Helping patients with diabetes and visual or manual impairment (part 1)


Learn about assistive devices and strategies to help improve care for these particular patients.

Approximately 26 million people in the United States have diabetes.1 Diabetes management can be extremely challenging when patients with diabetes also have major disabilities. Two common disabilities associated with diabetes are loss of vision and loss of dexterity.

Diabetes itself is the leading cause of severe vision loss or blindness among adults.1 The disease can also cause significant nerve damage, which can lead to loss of somatic sensation in both hands and feet. These physical disabilities can make it extremely challenging for patients to monitor blood glucose and administer insulin.

However, a variety of assistive devices and strategies are available to aid these patients. Knowledge of these devices and strategies will enable pharmacists to make appropriate recommendations and help patients gain control over these barriers to diabetes management. Part 1 of this 2-part article discusses adaptive strategies for patient self-monitoring of blood glucose.

There have been significant technologic advancements in the development of blood glucose meters for patients with partial or full loss of vision. Glucose meters with large, backlit display screens and numbers make results easier to read for patients with mild vision loss. These include the EasyMax Light, EasyGluco Plus, Fora G90, FreeStyle Lite, OneTouch Ultra2, OneTouch UltraSmart, Precision Xtra, ReliOn Ultima, Rightest GM550, and the various WaveSense meters.2

Glucose meters with test-strip port lights allow the patient to have a better view of the blood sample during testing. The FreeStyle Lite has both a backlight and a test-strip port light.

For patients with moderate to severe vision loss, the ideal blood glucose meter would have audio capability for all functions to allow truly independent operation.3 Although several audio-capable meters are on the market, they have significant differences in their ease of accessibility by visually impaired patients.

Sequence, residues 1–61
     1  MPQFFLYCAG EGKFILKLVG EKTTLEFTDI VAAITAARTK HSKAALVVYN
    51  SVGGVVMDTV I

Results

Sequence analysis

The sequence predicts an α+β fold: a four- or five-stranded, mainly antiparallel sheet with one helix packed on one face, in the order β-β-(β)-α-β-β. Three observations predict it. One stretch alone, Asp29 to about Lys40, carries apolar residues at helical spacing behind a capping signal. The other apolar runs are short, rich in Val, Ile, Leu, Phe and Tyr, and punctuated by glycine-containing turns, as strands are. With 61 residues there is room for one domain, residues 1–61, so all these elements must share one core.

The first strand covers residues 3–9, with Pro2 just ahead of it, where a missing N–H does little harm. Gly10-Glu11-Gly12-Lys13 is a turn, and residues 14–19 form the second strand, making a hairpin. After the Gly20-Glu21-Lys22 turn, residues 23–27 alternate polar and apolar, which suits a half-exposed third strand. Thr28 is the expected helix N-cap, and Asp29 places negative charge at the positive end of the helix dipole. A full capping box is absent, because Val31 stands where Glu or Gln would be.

To help these patients select a meter, pharmacists can look for as many of the following features as possible: ability to speak the test result; ability to repeat audibly the current and previous results and times of each test; audible memory that delivers the 7-, 14-, and 28-day averages; audible settings menu; tactile buttons; auto-coding of test strips; an external headphone port (for privacy); and audible warnings for inadequate blood sample size, out-of-date test strip, temperature alert, and other error messages.

Unfortunately, not all glucose meters and their testing supplies are available in community pharmacies; some are available only by mail order.

Even with all of the audio capabilities available in these meters, patients with vision loss still must contend with the task of getting the blood onto the test strip. This process can be difficult even in some sighted patients, as an adequate sample size is needed to ensure an accurate reading.

Patients with vision loss may express concerns about wasting test strips because they cannot see if the blood sample size is too small, and more than one attempt may be necessary. With repeated practice, however, this seemingly daunting task can be accomplished with accuracy. The usual tips for obtaining an adequate fingerstick blood sample, such as warming the hands before testing to increase blood flow to the fingers, are just as valuable for patients with vision loss.

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